California Public Utilities Commission Adopts New Energy Efficiency Goals for Investor Owned Utilities

Action Will Save Energy and Money and Reduce Global Warming Pollution
SAN FRANCISCO (July 31, 2008) –The California Public Utilities Commission (CPUC) today unanimously approved aggressive new energy efficiency goals through 2020 for the state’s investor owned utilities. The decision will save energy, save customers money on their utility bills, reduce air pollution and help California implement its landmark Global Warming Solutions Act (AB 32), according to the Natural Resources Defense Council (NRDC).
“California is world renowned for its energy efficiency leadership,” said Audrey Chang, director of NRDC’s California climate program. “Today’s action ensures that Californians will continue to reap the benefits of one of the fastest, cheapest, cleanest ways to meet our energy needs, namely energy efficiency.”
The energy efficiency goals adopted by the CPUC will work in tandem with the California Air Resources Board’s global warming pollution reduction targets under AB 32. At least 11 percent of the state’s total heat-trapping pollution reductions are expected to be achieved through energy efficiency. The majority of these energy efficiency reductions will come from the CPUC energy savings goals adopted today for the investor-owned utilities’ service territories, to be accomplished through a combination of utility programs and strengthened building and appliance standards.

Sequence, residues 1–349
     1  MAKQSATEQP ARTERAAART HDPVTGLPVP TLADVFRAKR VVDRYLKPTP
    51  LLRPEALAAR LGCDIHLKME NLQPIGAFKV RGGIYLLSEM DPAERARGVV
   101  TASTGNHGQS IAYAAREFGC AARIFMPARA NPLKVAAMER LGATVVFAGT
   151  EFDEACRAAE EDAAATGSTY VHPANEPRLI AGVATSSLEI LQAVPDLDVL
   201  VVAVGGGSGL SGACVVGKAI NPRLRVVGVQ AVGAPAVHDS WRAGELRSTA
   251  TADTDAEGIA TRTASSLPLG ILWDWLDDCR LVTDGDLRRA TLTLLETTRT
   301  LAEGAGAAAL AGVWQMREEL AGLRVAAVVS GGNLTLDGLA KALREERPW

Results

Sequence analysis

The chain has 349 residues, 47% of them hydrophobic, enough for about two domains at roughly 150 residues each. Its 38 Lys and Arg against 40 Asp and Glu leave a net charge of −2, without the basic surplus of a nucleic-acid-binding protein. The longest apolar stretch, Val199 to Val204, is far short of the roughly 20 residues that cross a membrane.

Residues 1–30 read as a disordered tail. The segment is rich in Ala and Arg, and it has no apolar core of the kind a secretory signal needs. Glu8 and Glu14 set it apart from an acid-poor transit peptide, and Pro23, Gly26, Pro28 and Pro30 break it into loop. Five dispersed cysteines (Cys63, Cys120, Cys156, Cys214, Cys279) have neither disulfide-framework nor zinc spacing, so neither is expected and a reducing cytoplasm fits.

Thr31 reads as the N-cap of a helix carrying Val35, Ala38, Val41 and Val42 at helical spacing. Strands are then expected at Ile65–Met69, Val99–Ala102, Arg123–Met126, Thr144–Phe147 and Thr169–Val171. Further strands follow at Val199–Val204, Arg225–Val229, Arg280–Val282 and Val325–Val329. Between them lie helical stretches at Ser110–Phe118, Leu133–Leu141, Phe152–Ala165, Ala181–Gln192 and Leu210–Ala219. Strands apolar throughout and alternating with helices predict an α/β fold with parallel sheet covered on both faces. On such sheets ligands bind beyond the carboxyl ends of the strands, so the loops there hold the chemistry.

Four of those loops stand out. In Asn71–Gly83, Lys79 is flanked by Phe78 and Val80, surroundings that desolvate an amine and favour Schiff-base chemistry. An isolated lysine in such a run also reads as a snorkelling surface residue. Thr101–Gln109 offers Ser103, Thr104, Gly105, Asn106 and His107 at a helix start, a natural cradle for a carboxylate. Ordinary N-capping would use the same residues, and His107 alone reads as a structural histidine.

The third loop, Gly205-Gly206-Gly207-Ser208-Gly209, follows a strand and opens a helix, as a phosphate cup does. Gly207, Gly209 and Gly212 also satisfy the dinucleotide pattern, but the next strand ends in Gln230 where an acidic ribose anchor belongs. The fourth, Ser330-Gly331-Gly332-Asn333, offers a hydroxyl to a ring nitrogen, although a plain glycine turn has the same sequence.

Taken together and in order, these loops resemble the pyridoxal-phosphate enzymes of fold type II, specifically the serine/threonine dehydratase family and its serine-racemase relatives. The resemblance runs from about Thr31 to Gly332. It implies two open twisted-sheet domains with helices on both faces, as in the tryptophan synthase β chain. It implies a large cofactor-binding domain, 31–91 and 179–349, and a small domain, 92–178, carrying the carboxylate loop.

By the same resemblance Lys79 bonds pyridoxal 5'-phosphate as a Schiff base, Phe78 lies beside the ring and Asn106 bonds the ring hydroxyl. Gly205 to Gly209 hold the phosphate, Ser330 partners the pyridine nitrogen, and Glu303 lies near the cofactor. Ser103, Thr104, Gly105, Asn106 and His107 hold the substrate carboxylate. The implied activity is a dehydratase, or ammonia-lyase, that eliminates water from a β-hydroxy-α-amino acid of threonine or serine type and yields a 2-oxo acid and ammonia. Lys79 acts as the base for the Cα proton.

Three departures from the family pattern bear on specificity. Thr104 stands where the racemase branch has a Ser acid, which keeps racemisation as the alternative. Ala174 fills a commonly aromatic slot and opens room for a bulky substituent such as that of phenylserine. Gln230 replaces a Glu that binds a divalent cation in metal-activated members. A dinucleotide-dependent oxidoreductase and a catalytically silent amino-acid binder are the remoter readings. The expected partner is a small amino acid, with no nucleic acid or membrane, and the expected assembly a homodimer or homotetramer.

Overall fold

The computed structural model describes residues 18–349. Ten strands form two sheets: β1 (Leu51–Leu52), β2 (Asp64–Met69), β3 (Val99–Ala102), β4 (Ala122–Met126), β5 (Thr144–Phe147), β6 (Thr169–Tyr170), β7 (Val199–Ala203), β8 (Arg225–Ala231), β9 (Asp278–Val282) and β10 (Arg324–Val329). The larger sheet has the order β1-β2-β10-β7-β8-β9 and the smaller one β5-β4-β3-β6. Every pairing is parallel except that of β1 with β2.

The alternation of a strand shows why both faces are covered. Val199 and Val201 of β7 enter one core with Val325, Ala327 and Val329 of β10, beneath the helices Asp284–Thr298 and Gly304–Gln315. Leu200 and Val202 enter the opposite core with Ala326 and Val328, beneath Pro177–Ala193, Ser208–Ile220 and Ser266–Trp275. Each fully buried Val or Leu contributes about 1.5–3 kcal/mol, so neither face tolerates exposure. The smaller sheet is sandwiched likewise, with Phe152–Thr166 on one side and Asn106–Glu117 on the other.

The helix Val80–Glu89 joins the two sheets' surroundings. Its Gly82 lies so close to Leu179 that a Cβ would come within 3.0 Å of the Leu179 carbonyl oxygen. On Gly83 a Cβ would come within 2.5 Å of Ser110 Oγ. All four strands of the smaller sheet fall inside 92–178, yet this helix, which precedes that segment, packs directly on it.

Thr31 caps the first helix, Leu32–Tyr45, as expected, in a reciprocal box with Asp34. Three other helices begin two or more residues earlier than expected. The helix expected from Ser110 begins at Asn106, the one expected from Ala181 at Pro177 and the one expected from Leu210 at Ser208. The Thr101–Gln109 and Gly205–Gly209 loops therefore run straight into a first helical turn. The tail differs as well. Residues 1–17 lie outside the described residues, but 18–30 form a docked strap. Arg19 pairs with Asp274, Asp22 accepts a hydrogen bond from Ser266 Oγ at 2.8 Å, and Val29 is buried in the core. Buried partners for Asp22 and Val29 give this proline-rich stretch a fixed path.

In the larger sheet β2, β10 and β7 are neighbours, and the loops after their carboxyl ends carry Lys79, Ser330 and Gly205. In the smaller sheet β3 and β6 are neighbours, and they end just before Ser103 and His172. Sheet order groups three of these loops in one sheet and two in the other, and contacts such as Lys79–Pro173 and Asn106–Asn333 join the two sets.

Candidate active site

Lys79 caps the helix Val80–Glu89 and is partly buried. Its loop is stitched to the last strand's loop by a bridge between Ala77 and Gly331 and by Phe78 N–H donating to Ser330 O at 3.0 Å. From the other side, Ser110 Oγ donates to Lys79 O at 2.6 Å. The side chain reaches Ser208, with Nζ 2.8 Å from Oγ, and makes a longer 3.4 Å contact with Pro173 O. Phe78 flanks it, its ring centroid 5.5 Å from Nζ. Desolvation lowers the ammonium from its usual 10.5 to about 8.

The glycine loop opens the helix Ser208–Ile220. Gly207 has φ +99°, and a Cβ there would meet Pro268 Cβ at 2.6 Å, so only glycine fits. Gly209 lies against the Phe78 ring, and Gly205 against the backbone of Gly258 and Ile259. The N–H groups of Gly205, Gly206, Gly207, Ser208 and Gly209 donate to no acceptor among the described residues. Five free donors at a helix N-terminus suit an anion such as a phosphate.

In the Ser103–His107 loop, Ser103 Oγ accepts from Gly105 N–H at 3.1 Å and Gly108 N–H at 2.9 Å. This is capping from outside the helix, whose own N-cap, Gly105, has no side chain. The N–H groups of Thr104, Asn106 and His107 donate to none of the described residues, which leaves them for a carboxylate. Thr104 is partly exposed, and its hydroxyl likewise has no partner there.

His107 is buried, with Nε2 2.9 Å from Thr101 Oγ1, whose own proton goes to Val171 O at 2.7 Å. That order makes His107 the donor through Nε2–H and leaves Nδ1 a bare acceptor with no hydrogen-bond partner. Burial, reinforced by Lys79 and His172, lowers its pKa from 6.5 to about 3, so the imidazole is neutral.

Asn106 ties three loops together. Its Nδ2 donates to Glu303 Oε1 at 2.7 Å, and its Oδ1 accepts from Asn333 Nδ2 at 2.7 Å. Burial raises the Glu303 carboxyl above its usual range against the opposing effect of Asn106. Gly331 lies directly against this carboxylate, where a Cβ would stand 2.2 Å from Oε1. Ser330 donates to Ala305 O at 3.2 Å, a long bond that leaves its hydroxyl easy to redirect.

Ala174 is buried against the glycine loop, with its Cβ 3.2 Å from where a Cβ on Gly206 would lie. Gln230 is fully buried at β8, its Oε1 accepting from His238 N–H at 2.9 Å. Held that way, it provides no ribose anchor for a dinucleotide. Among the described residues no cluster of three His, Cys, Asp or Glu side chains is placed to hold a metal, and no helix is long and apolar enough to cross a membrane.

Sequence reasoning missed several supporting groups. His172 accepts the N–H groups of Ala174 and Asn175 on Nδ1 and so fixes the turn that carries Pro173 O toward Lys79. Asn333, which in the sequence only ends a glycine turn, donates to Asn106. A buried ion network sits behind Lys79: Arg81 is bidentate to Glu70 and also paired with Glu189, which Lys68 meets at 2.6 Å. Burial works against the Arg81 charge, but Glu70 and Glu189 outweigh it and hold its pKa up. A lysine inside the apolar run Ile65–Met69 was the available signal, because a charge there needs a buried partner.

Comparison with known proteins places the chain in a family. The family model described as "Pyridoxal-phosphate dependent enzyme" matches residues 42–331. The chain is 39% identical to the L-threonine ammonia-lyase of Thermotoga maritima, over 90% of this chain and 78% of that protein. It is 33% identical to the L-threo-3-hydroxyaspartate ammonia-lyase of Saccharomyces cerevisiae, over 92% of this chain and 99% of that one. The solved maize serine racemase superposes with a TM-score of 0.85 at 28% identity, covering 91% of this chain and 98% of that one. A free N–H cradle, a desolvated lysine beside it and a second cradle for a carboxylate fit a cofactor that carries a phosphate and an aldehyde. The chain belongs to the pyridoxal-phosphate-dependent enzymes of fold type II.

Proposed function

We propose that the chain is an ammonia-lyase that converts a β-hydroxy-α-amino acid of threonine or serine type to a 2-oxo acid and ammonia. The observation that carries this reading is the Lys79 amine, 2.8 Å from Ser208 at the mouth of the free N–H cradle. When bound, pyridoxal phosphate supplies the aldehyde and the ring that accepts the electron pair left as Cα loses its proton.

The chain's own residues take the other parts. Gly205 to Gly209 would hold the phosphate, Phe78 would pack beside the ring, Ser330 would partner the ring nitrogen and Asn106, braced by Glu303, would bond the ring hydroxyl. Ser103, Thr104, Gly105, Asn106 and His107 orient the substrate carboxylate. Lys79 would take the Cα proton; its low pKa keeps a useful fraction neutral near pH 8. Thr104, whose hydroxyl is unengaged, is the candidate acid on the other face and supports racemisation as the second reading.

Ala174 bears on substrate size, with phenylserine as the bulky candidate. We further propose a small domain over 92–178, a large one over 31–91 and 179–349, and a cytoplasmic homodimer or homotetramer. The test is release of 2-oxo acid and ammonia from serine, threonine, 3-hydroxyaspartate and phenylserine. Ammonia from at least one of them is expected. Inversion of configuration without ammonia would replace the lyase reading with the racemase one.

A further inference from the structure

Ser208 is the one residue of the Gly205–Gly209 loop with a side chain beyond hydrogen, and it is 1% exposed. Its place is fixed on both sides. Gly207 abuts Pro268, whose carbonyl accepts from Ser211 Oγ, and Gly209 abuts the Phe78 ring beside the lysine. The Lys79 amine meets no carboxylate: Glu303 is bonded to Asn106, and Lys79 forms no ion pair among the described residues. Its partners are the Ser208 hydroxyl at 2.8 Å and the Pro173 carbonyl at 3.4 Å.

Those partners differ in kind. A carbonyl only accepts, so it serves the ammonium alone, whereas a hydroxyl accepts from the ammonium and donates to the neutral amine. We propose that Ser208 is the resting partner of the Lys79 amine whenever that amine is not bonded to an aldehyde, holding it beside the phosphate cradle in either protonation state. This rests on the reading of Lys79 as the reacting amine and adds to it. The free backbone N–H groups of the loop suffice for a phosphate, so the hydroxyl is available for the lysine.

The energy efficiency targets will have the practical, on-the-ground effect of avoiding the need to build twelve giant power plants and reducing pollution equivalent to the emissions produced by 2.4 million cars by 2020. NRDC estimates these electricity and natural gas savings will bolster the state’s economy by providing at least $7 billion in net benefits through 2020 from energy bill savings and the avoided costs of building new infrastructure.

“Part of the genius of California’s energy policy is that utilities must use energy efficiency as the first energy resource to meet demand before building more power plants or purchasing additional energy from fossil fuel sources. This is a tried and true method,” said Chang. “The Public Utilities Commission under the leadership of Commissioner Grueneich should be commended for making the most of this highly effective tool.”